2015 Dale B. Lake Presidential Award
The 2015 Dale B. Lake Award recipients at Kalamazoo Valley Community College are student athletes Nate Casanto and Bria Mays.
Nate Casanto is the recipient of the men's award. He was a three-year member of the men's basketball team. Nate was active on the roster for his first and third years at KVCC. During the beginning of his second season he had a season-ending hip surgery, forcing him to redshirt that year.
"He embodies the true meanings of student-athlete and team player," former head coach Matt Dennis said. "As a student he always did well in his classes and was willing to tutor his teammates in courses in which they struggled.. During his first year, he helped many of his teammates complete their stock market project before he had even taken the course. I also remember him spending time working with others on math, English, and other business assignments. Helping others around him is what Nate is all about, even if it meant more work for him."
Dennis said Nate fully understood what it meant to be a teammate and a team player. "He would often work with players to help them better understand the expectations and the game plan being presented by the coaching staff," Dennis said. "He didn't mind coming in early or staying late to help players who played in front of him so they could go through workouts and get in extra shots. He was constantly encouraging others and bringing out the best play and attitude in everyone. He had the respect of his teammates; when he spoke they listened. They all knew Nate was willing to put in the work, time, and effort to make himself and those around him the best they could be."
Dennis says he has a great respect for Nate and how he carries himself. "Many times I would meet with Nate to discuss the overall feel of the team and to see if there were struggles he noticed as a player that I missed as a coach," Dennis said. "Nate always gave a fair and honest assessment of what was going on, even if he knew it was something I did not want to hear. He was always willing to do whatever was asked of him to make the program thrive. For these reasons, he went from a walk-on to a scholarship player."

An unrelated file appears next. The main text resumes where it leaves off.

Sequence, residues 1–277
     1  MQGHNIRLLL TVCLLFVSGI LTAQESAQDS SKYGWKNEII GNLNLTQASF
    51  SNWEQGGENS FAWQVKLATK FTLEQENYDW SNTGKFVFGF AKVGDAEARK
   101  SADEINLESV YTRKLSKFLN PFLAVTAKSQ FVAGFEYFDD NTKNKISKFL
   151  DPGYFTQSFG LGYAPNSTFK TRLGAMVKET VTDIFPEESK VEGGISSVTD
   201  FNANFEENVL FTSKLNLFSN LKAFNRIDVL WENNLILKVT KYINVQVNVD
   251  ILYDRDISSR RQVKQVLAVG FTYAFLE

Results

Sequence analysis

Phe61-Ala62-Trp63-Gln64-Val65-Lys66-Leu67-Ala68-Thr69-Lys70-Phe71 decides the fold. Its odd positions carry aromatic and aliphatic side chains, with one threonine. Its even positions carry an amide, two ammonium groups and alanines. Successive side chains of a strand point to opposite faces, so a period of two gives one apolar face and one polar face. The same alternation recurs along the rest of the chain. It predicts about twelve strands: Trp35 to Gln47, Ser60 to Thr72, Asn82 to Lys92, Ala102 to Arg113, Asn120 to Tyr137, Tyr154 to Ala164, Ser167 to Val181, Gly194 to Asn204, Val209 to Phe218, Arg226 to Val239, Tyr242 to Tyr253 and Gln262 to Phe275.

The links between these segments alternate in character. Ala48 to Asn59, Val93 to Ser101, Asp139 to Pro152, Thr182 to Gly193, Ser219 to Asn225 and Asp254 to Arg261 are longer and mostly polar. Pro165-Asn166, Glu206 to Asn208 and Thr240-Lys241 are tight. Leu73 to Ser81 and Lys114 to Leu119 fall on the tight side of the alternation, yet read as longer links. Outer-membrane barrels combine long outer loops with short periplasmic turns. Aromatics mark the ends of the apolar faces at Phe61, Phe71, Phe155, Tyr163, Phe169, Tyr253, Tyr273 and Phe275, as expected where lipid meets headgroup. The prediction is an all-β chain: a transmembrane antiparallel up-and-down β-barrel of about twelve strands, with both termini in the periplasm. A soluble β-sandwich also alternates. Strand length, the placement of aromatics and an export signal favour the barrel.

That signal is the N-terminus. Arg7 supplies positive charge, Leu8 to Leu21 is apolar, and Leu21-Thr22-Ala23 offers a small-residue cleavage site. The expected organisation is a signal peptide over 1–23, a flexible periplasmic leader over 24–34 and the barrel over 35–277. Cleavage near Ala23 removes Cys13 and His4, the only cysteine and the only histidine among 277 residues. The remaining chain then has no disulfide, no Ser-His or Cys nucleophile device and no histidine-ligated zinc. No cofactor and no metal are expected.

Nate helped the men's basketball team achieve a record of 60-31 over his three years, win a conference championship, and become ranked in the top 20 at some point in each season. Bria Mays is the recipient of the women's award. She was a psychology major at Kalamazoo Valley who carried a 3.4 grade point average and transferred to Georgia Regents University after she graduated in December 2014.
"Her ability to lead on and off the court, her dedication, and her work ethic made her stand out from the very beginning of her college career, which caught the eye of her fellow teammates and coaches," coach Jennifer Buikema said of Mays. During her freshman year of college, she was a student athlete at Northern Michigan University as a red shirt player and the following year, she transferred to Kalamazoo Valley Community College, where she completed two years of eligibility for the Cougars.
"During her two year stay at Kalamazoo Valley, she set a great example of excellence, responsibility, and determination in the classroom and on the court," Buikema said. Mays was a two-year starter, middle hitter, and a captain this past season for the Cougars, while maintaining a 3.4 GPA.